The Business of Preserving Our Planet

The new Stanford GSB campus––the Knight Management Center––is being made possible by Stanford GSB’s Campus Sustainability Fund, which received $5 million––its first and largest gift.

July 15, 2007

When the new Stanford GSB campus––the Knight Management Center––goes up on Serra Street in 2008, it will not only be a friendly environment, it will also be friendly to the environment. That’s because Stanford GSB is working to make sure that the entire 360,000-square-foot project meets the highest environmental sustainability certification.

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Wurtele

C. Angus Wurtele, MBA ‘61, and his wife, Margaret von Blon, support the Campus Sustainability Fund. | Photo: M. J. Wickam

The earth-smart aspect of the new complex is being made possible by Stanford GSB’s Campus Sustainability Fund, which has received $5 million––its first and largest gift to date––from C. Angus Wurtele, MBA ’61. Wurtele is presently the proud owner of Terra Valentine Winery in St. Helena, California. “We talk daily about sustainable farming and organic wines, so the environment is very much on my mind,” he says. “I don’t think there will be one big solution to climate change and pollution, but rather a lot of smaller entrepreneurial efforts that will have a big impact. I see the new business school campus as one such noble project, and I hope my gift will inspire others to help bring it to fruition.”

The new campus, named for Philip H. Knight, MBA ’62, whose unprecedented $100 million gift paved the way for the project, is on track to meet LEED Platinum standards—the highest certification offered by the U.S. Green Building Council. The new campus will feature numerous small buildings, which can be climate controlled more easily than one large structure. It will rely on the temperate Stanford weather for natural ventilation and will incorporate innovative heating and air conditioning systems, as well as some solar power. The complex will capture and treat a significant percentage of storm water runoff and will be designed for efficient water use.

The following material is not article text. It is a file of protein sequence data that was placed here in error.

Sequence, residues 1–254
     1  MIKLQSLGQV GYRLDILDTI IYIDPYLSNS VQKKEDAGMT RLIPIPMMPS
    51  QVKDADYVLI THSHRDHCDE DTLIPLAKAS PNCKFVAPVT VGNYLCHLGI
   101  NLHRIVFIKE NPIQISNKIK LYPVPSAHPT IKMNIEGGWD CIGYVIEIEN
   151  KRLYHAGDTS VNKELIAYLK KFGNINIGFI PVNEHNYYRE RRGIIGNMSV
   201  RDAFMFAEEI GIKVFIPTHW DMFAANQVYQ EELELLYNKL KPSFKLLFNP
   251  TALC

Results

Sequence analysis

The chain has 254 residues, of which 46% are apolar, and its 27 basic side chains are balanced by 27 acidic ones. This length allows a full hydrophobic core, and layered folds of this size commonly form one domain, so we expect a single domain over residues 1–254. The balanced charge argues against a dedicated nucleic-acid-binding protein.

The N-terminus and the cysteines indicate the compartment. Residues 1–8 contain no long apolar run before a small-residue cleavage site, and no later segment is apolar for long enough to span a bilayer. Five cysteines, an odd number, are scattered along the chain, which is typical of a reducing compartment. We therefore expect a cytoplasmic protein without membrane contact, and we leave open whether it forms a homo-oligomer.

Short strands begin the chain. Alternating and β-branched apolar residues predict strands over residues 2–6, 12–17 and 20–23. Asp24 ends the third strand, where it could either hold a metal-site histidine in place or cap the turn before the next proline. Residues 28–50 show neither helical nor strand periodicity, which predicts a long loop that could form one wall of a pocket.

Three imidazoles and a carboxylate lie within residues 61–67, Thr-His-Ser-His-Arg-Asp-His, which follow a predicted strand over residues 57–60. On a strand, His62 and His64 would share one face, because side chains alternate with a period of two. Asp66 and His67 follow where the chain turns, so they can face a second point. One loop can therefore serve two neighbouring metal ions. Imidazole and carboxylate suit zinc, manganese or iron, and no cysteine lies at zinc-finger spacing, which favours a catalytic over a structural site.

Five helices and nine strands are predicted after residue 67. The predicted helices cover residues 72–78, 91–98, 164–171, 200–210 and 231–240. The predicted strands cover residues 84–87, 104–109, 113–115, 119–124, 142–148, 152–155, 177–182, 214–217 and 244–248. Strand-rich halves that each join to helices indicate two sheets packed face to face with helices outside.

Moreover, all of the Knight Center’s building materials will be nontoxic, and at least 50 percent of the previously developed site area will be restored with native or adapted vegetation (accomplished by putting the 900-car parking facility underground). Spaces and windows have been configured so that nearly 90 percent of occupants will have a direct line of sight to the outdoors.

The center is designed to support the school’s new approach to management and leadership education. It integrates collaborative workspace for faculty, flexible teaching facilities that accommodate a variety of class sizes as well as experiential and team-based learning, and inviting public spaces that allow for greater engagement with the Stanford campus as a whole. Stanford GSB expects to break ground on the project this summer.

Wurtele was a member of Stanford GSB Advisory Council from 1989 to 1998 and a volunteer for class reunions and Stanford GSB’s 75th anniversary campaign in 1999. A former naval officer and a graduate of Yale, he was the longtime CEO of Valspar, formerly Minnesota Paints. He took over the business at the age of 27 after his father’s death and orchestrated a series of acquisitions that made it one of the nation’s leading paint and industrial coating companies. Wurtele and his wife, Margaret, now split their time between Wayzata, Minnesota, and the Napa Valley.

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